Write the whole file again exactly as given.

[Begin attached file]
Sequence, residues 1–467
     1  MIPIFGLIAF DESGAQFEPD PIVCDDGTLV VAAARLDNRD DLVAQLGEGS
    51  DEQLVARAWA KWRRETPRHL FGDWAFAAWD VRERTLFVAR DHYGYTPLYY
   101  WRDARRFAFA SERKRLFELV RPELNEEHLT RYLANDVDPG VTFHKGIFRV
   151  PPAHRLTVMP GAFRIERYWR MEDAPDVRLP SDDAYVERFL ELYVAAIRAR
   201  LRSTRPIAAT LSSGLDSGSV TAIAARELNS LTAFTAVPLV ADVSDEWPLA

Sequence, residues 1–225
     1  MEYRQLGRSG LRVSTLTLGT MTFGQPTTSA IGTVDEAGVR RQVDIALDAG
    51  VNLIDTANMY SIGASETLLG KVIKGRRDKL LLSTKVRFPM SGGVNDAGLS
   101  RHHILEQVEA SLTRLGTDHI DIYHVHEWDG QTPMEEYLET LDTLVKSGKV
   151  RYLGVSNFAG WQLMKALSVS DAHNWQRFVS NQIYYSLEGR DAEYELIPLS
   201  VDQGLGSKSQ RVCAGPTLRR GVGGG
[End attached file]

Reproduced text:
Sequence, residues 1–467
     1  MIPIFGLIAF DESGAQFEPD PIVCDDGTLV VAAARLDNRD DLVAQLGEGS
    51  DEQLVARAWA KWRRETPRHL FGDWAFAAWD VRERTLFVAR DHYGYTPLYY
   101  WRDARRFAFA SERKRLFELV RPELNEEHLT RYLANDVDPG VTFHKGIFRV
   151  PPAHRLTVMP GAFRIERYWR MEDAPDVRLP SDDAYVERFL ELYVAAIRAR
   201  LRSTRPIAAT LSSGLDSGSV TAIAARELNS LTAFTAVPLV ADVSDEWPLA

Sequence, residues 1–225
     1  MEYRQLGRSG LRVSTLTLGT MTFGQPTTSA IGTVDEAGVR RQVDIALDAG
    51  VNLIDTANMY SIGASETLLG KVIKGRRDKL LLSTKVRFPM SGGVNDAGLS
   101  RHHILEQVEA SLTRLGTDHI DIYHVHEWDG QTPMEEYLET LDTLVKSGKV
   151  RYLGVSNFAG WQLMKALSVS DAHNWQRFVS NQIYYSLEGR DAEYELIPLS
   201  VDQGLGSKSQ RVCAGPTLRR GVGGG